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that cherry tree story was an early 19th-century version of an aesop's fable. it told the story of integrity of george washington. we know what happens when we do not have integrity to be able to serve. we get protracted national scandals like richard nixon and bill clinton. when you go to washington and you see the washington monument, think of it as a capital "i" for integrity. the second commitment. a great leader shall stay above
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the partisan fray in the able to build consensus. building consensus is an essential part of the american success story. people going across the aisle, having dialogue, compromising, in being able to legislate effectively. the latin phrase on our money means "out of many, one." yes, in many groups, there is more than one faction. the president has to be able to pull the factions together. the president who was particularly good at staying above the fray and building consensus was thomas jefferson. the jefferson biographer i interviewed spent over 20 years as a professor of history at the university of virginia and he is the author of six books on thomas jefferson.
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because we live in a world where nobody can build consensus, i wanted to devote the interview to, how did jefferson do it yet go he was operating at a difficult time. the federalist party controlled by john adams and alexander hamilton was in constant conflict with the republican party controlled by jefferson and james madison and it got so bad that during adams' presidency, congress passed the sedition act which made it punishable by incarceration for anybody to criticize president adams or the federalist policies. at that totally dysfunctional time when people were literally being thrown in jail for
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expressing their right of free speech, thomas jefferson became president. from the very beginning, he made it is priority to reach across the aisle and build consensus. in his close inaugural address, he said, we are all federalists and we are all republicans. we are all americans so why don't we start acting that way? don't we wish we had a candidate who could express that? beyond that, how do you build consensus? harold saunders says politics is all about relationships. to build consensus, you can only do it after building relationships across the aisle.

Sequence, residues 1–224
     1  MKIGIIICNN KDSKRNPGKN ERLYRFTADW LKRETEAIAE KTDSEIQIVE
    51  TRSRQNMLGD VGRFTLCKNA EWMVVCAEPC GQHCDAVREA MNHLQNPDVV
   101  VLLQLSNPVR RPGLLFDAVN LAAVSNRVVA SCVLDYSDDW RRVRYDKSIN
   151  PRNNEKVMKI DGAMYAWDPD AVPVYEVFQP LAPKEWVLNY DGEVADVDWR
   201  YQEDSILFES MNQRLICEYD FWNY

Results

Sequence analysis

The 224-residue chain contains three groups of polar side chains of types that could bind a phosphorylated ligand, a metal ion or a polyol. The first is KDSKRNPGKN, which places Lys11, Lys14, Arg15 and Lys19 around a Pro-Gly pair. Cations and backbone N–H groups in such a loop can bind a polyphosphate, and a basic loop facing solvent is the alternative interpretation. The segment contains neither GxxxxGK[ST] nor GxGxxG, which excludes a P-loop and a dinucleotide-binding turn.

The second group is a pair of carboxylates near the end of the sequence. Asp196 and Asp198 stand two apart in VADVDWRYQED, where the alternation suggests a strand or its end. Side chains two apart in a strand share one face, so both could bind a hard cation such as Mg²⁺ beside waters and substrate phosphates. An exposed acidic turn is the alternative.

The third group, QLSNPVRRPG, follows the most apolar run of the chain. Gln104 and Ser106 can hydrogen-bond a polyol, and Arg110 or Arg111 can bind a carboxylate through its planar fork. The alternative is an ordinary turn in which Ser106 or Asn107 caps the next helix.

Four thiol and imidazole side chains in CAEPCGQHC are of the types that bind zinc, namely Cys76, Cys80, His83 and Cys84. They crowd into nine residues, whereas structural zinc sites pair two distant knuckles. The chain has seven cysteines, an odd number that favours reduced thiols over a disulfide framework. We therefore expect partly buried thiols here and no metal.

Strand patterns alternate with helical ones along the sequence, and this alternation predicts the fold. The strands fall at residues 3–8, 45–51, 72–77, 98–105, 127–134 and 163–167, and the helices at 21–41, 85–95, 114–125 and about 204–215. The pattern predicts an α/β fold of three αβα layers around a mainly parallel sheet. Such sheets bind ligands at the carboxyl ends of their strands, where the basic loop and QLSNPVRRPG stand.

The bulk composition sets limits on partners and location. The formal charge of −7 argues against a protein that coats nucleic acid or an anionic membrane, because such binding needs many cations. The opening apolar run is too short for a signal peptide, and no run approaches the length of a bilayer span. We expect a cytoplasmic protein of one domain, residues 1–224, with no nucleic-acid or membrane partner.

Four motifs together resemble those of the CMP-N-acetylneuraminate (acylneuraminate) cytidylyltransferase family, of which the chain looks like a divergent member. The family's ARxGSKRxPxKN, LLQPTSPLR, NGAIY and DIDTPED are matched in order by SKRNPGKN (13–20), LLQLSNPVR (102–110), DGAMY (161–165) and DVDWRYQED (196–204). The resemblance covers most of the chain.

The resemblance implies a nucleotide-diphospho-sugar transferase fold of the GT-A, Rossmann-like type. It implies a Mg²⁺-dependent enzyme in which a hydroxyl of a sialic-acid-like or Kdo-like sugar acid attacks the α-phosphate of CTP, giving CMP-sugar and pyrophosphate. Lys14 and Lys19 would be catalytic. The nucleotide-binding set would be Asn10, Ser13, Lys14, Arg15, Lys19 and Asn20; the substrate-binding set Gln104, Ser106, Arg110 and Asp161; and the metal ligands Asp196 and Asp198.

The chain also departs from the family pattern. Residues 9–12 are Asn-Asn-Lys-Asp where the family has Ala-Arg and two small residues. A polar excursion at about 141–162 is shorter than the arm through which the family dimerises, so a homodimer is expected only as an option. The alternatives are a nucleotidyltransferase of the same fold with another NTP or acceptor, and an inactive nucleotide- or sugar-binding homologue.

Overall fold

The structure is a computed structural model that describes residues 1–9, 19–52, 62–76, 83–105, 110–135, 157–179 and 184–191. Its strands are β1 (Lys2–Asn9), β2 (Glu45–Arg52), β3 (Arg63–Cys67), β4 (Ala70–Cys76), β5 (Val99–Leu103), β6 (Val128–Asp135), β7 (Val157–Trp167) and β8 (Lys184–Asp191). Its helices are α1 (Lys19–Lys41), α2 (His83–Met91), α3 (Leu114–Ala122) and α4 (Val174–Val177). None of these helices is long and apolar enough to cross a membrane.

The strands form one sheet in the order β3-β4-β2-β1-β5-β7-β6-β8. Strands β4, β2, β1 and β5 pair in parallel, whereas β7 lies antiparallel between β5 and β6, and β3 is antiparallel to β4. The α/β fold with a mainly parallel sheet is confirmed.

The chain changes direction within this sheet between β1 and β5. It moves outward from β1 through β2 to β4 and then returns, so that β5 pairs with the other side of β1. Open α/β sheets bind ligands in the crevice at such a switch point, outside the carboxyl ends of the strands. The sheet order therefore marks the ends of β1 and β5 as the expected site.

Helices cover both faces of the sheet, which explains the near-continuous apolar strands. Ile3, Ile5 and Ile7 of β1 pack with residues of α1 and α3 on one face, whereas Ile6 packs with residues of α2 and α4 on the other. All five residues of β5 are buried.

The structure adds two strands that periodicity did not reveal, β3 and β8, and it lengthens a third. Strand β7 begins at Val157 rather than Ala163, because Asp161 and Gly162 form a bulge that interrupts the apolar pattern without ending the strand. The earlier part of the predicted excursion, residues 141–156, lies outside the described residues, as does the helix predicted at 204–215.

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throughout his presidency, thomas jefferson would have regular dinner parties at the executive mansion where his only guests were the leaders of the federalist party. over wonderful food and wine, thomas jefferson was a very charming character, a renaissance man. he could talk about music. you name it -- he was a dazzling conversationalist. over the course of time, ongoing dialogue with people on the other side of the aisle, low and behold, the wall surgery coming down and people started to be able to act together as americans in trying to make the government work.
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we know what happens when we have a president who is unable to stay above the partisan fray, lacking the tools to be able to build relationships, to build consensus with those across the aisle, you get exactly what we have had the last few years. total gridlock and a government that does not work. when you are in washington and you see the jefferson memorial, think of each of those columns as a faction and think of them as being unified together under the perfect jefferson dome. thomas jefferson made it his priority to bring the factions together and make government work. the third commandment. a great leader shall know his limitations and know how to supplement his limitations.